Patent Report: Firm offers 3-D pultrusion system
A 3-D continuous-pultrusion printing system proposed by a California R&D company could be used to make complex parts without molds. The servo-motor-driven system, which would produce composites downstream of a heated die, includes a CNC controller, a material-advancement system and one or more 3-D thermoplastic-forming machines with thrusting and retracting plates attached to CNC actuators.
According to a patent issued to Ebert Composites Corp., Chula Vista, a chilled band would consolidate heated composite material into specific shapes as the material advanced.
“The 3-D thermoplastic pultrusion system continuously produces ... complex body panels such as doors and hoods, aircraft body panels, luggage compartments, airplane interior sections, aerodynamic surfaces, complex piping, duct-work, and any component that currently requires a large mold,” the patent states.
The system could produce pultrusions with either varying cross-section geometries or varying surface contours, or both. Made from thermoplastic composite tapes, which are preheated in an oven, the material would consist of inside and outside sandwich skins and an interior core, with fibers threaded through all three layers.
Patent 9,764,520; issued Sept. 19
In other patent news:
Film takeoff. Windmöller & Hölscher KG, Lengerich, Germany, has proposed an automated system to guide a blown film between a film blowing head and a takeoff roller device. The system improves upon time-consuming manual positioning as well as electric actuation methods.
Because the company claims its method is more exact, the automated system will lead to
decreased scrap rates.
Patent 9,724,867; issued Aug. 8
Additive manufacturing. Thermwood Corp., Dale, Ind., has patented a device that combines a CNC machine with an extruder for forming 3-D objects. The extruder is mounted on the tool holder of a CNC machine that has a worktable. The extruder applies layers of thermoplastic onto the surface of the worktable to create an object. The invention features an improved extruder and applicator so that the products it creates require a minimal amount of machining to achieve the final shape, thus saving time and raw material.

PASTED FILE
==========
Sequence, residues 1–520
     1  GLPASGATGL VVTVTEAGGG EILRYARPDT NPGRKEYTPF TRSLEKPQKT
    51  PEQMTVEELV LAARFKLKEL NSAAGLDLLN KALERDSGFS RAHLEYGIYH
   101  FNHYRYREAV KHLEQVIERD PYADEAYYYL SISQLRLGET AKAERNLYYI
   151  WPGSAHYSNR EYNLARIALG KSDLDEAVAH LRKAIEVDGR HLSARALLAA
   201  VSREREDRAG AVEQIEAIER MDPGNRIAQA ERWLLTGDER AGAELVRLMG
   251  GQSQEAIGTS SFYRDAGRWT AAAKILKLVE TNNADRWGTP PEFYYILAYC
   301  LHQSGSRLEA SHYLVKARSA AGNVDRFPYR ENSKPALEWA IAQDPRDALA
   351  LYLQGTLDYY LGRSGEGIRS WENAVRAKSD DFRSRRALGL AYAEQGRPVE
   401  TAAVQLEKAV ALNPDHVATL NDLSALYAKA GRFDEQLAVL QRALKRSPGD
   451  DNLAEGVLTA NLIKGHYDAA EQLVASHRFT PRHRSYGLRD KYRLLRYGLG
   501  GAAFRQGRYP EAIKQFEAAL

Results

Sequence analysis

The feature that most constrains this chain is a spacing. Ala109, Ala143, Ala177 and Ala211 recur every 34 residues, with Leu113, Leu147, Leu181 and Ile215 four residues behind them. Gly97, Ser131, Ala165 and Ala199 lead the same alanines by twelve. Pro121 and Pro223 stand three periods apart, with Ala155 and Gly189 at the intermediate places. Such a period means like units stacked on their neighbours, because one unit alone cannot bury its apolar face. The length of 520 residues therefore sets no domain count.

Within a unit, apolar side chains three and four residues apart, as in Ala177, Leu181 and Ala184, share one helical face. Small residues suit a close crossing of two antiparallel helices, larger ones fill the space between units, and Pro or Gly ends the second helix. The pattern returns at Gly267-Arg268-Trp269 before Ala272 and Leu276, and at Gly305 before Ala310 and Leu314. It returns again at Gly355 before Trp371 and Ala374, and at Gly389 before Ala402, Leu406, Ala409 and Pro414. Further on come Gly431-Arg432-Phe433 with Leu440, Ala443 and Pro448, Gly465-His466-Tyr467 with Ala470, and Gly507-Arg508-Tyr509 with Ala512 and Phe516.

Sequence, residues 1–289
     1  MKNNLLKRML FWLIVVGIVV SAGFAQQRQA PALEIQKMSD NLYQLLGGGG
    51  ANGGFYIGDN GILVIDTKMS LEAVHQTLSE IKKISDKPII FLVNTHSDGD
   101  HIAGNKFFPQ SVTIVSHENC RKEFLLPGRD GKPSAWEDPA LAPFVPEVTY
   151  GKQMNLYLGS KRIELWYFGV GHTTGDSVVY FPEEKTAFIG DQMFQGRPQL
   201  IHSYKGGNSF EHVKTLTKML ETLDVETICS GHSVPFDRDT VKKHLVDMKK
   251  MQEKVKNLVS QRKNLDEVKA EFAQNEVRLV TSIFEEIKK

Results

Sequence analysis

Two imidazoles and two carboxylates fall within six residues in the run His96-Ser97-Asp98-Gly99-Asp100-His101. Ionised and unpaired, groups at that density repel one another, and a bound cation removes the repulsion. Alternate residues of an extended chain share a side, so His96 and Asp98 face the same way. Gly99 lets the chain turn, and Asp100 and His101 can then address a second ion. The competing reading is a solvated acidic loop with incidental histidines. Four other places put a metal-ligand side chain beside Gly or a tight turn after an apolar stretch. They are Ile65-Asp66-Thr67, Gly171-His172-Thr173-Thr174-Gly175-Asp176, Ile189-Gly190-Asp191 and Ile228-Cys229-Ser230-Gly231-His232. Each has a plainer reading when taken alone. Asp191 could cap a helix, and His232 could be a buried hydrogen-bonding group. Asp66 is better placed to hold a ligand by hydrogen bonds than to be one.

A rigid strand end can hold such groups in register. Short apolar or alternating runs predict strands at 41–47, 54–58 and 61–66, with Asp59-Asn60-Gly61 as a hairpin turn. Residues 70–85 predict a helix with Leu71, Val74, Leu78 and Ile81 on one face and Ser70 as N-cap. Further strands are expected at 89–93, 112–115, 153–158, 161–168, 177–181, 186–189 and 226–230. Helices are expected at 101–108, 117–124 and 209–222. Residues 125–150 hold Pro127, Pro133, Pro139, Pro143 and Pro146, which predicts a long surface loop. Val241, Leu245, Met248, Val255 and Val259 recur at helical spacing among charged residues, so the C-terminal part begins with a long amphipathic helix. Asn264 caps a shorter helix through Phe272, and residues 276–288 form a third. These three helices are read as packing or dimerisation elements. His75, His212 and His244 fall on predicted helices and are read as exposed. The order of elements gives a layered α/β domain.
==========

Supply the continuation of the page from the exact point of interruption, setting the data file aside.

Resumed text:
Patent 9,707,721; issued July 18
3-D printing. Xerox Corp., Norwalk, Conn., has invented a 3-D printer that features multiple print heads and builds objects on a rotating core. Many 3-D printers are slow, typically using a flat staging area onto which a single print head deposits layers of material by moving back and forth. The invention eliminates the need for the print head to repeatedly move across the stage to form the object, which results in faster printing, the patent states.
The printer consists of a rotating cylinder, a frame, three print heads, multiple drives and a controller. The print heads eject material onto the outer surface of the cylinder, building layers as the surface rotates. In some embodiments, the print heads can eject different materials. Alternatively, it can be configured with multichannel print heads, each of which can eject multiple materials.
Patent 9,701,064; issued July 11